December 14, 2009
Springer author wins highly respected physics award for research on galaxies and dark matter in the universe
Dec. 14 -- The astrophysicist Volker Springel has been honored with this year's Klung Wilhelmy Weberbank Prize for Physics for his important research in astrophysics. The prize, worth 100,000 euros, is awarded every two years to a physicist whose research shows particularly great promise of making outstanding contributions to science in the future.
Volker Springel wrote the leading article Superrechner in der Kosmologie in the December issue of the Springer journal Informatik-Spektrum on the subject of supercomputers in cosmology. He is a scientist at the Max Planck Institute for Astrophysics in Garching, Germany.
Volker Springel's research area deals with the scientific origin of the universe, including research on elementary particles (dark matter) and force fields (dark energy). Science has yet to answer the question of whether the theoretical calculations on the development of the universe from the Big Bang 13.6 billion years ago to its present state correspond to the facts. To do so, astrophysicists need supercomputers and IT methods to simulate the theoretical calculations. Springel has developed a supercomputer package for this very purpose, which is now a standard tool in astrophysics around the world.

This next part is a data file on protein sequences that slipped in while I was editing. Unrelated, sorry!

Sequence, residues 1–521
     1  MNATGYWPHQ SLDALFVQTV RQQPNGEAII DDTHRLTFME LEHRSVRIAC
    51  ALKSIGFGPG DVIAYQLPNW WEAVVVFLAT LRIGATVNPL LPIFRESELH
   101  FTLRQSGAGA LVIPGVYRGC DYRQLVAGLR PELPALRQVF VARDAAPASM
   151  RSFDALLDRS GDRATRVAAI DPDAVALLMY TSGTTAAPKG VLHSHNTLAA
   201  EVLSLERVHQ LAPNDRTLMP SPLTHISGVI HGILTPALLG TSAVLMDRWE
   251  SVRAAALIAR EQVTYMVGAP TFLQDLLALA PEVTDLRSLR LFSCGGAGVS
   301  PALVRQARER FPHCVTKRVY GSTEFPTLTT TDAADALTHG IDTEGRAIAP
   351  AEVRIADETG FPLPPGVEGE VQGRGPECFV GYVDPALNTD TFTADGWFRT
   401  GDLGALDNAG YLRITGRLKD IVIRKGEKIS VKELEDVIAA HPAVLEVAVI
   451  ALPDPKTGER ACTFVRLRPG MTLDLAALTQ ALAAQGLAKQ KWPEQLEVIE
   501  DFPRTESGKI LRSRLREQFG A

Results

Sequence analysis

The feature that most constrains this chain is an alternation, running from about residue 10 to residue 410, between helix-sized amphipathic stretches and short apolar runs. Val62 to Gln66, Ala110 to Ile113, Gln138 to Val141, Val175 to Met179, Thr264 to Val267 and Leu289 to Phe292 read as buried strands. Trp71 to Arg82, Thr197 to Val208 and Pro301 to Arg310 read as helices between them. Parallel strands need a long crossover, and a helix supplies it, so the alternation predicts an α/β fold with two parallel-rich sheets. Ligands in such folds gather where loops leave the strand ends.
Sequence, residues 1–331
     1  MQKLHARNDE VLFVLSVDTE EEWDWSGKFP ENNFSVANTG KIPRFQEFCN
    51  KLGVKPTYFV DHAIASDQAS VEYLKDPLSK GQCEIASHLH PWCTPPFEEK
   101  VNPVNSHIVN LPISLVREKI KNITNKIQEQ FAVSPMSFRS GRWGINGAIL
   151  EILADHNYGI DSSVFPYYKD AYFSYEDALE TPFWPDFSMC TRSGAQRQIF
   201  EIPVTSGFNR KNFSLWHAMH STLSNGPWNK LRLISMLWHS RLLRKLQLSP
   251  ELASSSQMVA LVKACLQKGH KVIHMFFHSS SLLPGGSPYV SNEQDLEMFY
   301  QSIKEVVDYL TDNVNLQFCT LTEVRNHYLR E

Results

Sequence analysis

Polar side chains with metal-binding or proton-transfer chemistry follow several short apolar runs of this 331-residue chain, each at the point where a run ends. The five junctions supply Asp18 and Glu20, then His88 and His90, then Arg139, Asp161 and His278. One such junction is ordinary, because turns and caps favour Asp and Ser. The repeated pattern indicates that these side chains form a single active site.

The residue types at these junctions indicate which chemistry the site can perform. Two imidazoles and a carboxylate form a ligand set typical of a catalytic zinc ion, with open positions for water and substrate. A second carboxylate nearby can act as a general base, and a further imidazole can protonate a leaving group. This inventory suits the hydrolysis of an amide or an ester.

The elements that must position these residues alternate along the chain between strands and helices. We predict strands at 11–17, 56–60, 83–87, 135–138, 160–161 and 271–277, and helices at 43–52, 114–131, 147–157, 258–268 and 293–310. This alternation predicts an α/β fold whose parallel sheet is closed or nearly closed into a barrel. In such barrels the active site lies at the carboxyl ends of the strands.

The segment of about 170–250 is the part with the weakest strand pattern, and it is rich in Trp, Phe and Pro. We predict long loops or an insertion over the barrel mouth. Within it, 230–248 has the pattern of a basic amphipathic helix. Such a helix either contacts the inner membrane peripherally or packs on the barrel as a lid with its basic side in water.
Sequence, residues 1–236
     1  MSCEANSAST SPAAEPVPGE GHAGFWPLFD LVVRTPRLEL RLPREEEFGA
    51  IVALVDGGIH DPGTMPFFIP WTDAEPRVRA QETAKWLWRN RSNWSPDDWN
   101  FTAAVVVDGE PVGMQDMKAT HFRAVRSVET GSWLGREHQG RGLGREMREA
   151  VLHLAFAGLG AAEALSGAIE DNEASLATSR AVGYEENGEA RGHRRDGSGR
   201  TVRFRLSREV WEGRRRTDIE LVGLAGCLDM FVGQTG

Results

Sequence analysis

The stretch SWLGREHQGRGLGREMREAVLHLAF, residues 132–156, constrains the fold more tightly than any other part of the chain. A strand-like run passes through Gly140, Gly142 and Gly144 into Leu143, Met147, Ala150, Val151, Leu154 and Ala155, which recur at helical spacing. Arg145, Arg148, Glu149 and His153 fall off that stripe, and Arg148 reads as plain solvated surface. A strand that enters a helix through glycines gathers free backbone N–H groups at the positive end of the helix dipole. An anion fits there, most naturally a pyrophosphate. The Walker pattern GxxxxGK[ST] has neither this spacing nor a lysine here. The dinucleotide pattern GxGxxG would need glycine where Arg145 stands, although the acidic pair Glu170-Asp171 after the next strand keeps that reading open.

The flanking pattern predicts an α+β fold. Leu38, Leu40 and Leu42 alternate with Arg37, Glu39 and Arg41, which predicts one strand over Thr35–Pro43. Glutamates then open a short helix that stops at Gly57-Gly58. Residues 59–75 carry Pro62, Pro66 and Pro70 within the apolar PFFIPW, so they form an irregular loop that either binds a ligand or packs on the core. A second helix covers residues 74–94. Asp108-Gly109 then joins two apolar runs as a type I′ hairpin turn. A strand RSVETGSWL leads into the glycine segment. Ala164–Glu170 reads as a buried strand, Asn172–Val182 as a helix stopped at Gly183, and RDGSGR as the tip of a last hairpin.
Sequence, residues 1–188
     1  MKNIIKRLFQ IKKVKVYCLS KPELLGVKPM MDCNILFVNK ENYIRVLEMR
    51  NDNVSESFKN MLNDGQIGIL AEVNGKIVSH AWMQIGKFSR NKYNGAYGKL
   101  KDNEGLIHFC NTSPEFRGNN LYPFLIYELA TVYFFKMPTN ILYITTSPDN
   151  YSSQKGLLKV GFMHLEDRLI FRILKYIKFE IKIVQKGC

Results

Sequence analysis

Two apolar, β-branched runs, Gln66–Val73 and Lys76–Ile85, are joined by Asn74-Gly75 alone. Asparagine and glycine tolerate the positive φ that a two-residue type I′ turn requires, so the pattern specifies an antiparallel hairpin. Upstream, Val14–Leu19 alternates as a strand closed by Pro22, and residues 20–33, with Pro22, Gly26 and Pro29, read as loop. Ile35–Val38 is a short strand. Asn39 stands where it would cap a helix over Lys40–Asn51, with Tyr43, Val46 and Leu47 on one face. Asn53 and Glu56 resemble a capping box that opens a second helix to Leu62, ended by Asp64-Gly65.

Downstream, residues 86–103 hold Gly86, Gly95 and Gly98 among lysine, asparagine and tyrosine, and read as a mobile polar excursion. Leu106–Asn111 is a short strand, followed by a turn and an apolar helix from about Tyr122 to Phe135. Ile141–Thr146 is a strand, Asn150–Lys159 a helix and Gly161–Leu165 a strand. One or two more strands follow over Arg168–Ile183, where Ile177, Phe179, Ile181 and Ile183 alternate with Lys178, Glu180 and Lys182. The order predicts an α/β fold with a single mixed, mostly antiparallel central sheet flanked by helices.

The Klung Wilhelmy Weberbank Prize is one of the most highly esteemed privately funded scientific awards in Germany. It has been awarded since 2001 in cooperation with the Otto Klung Foundation at the Free University of Berlin and the Weberbank. The Dr. Wilhelmy Foundation joined the collaboration in 2007. The prize is awarded to promising young physicists and chemists on an annually alternating basis.
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